Lukas:
Right. Right. Although, you've done a good job with that. It looks-
Daphne:
Oh, yeah. I can't complain.
Lukas:
Well, I guess I want to make sure I also ask you about some of your other work. And I wanted to ask you about Coursera and I guess teaching in general. I think you're not teaching anymore. Is that right?
Daphne:
No, I'm no longer a professor at Stanford. I'm an adjunct and it's great to have some connection back to the department, but I don't teach anymore.
Lukas:
It seems sad to me because, I mean, I just wanted to say you were such an amazing teacher. Like you were-
Daphne:
Aw, thank you.
Lukas:
... notoriously difficult teacher. That was kind of your reputation. And you weren't kind of the warmest teacher, but you're like memorable, 16 or 17 years later. It's just like a really, really excellent teacher. Like I feel like I just learned very quickly and efficiently from you. And then also when I TA'd for you, I got to see how much you cared about grading, which I really appreciate. It's interesting to see.
Lukas:
I was coming from a math department too, where it's like, they just did not care about teaching or grading. And it felt just really good. It's like someone's here and really kind of cares to take the time. And so I kind of, wasn't surprised that you started a company around teaching, but I was kind of just curious to hear the story about it and how you thought about it. And what happened in the early days.
Daphne:
So teaching had always been a passion project of mine, kind of like on the side. Because, as someone who's on like the research side of a top academic institution, top research institution like Stanford, you're not supposed to really invest a lot of time in teaching. So I was always a little bit of an outlier in wanting to spend time on that.
Lukas:
Can I ask, what do you think that was, that made you want to do it? Because it really was quite evident that you cared more than anyone else about teaching.
Daphne:
I guess I've always thought that education was just the door to opportunity. And that if you set someone on the right path at an early age, or rather you enable them to get on the right path at a relatively early age. Because I mean, teaching is not really a thing. A teacher enables people to learn and become who they can be. And they have to make the investment and want it. You can't learn someone, they have to learn.
Daphne:
I just felt like it was an incredible enabler. I'd come from a family where I was privileged in that both of my parents had access to higher education. And I saw how much opportunity that created for me that others just didn't have. And I guess I've always felt and still feel, and really try and teach my children as well, that for those of us who have been privileged so much is expected. And it's our responsibility to give something back.
Daphne:
That was, at that point, my way of giving something back is by teaching. And in fact, that was what led me to also eventually depart Stanford. Because I felt like my opportunity to give something back to the world in a much greater scale was available to me by founding Coursera. And opening up education to a much, much, much larger number than I would ever be able to teach at Stanford.
Daphne:
And that's actually also what led me to insitro, because I feel like there's an incredible moment in time now in bringing together two disciplines in a way that could be totally transformative to the world. And I think it's kind of incumbent upon me. There's almost a moral imperative to make that happen if I can do that. And it's not something that many other people can do.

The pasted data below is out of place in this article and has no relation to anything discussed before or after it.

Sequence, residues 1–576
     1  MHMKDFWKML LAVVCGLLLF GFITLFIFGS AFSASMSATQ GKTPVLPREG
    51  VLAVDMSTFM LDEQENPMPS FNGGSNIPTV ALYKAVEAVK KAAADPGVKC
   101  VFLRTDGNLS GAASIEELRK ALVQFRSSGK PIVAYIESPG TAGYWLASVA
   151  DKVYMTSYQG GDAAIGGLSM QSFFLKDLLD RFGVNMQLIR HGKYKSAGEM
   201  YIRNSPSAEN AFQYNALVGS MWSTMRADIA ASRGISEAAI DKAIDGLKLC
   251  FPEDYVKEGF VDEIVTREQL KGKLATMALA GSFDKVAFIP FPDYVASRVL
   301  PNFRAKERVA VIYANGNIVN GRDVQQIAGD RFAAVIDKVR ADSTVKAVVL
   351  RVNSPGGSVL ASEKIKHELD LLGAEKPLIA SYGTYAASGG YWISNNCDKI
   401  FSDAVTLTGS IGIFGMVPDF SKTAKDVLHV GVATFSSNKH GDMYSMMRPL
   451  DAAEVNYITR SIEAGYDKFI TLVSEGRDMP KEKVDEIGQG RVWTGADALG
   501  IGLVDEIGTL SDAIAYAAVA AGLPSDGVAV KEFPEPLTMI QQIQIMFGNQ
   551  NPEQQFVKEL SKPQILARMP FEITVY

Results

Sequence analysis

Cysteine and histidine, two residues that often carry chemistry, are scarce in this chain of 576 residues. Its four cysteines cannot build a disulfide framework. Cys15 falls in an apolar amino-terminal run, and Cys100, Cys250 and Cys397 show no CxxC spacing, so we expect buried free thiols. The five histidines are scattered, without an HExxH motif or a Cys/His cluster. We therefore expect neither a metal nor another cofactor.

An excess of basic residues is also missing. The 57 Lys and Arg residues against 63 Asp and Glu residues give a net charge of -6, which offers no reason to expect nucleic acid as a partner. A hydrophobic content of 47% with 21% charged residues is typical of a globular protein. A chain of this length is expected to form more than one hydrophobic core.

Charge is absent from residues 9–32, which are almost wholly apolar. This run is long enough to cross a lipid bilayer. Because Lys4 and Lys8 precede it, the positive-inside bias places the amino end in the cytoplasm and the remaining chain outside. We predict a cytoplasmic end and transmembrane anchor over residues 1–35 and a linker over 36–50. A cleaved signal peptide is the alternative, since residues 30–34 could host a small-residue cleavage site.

Lukas:
And I guess, I saw you started another company, Engageli that's seems like a teaching tool. Right? And was that a reaction to something you wished Coursera did? Or?
Daphne:
Yeah. So yes and no, in the sense that it was driven by the observations that we had in the pandemic, when all of a sudden I had two teenage kids who were thrust into Zoom school. And these are two kids that are academic high performers, that are by and large, pretty diligent. And, at some point I was kind of looking in on them and noticing that the youngest, after a few minutes in her class, making sure that the teacher saw that she was there, would turn off the camera and the microphone and spend the rest of the class perfecting her Sims game.
Daphne:
Whereas the older one would spend the time going through the Netflix catalog. And this is like, okay, if this is what my kids are doing, despite the fact that they have all these opportunities, what happens to all those other kids who don't have that same set of privileges. And they're going to a school with much larger classes and teachers who have way less time to invest in trying to make the classes better on video.
Daphne:
So that was really part of it. But truthfully, and this comes back to, I think, the thrust of your question Luke, is that originally when I was getting interested at Stanford in teaching, it was actually not originally with the only purpose of teaching the world. But also in trying to get teaching to be better even at Stanford. Because I felt like, okay, I got to spend, whatever, three hours a week with people like you in a class.
Daphne:
And we were making use of that time with me just standing in front of the class, droning at you, and delivering a lecture that was not that different to what I delivered a year before. Is that really the best use of class time? Or can we spend the time actually engaging and interacting with each other, and really learning? Which is much more of an active effort than it is just sitting there watching a professor talk at you.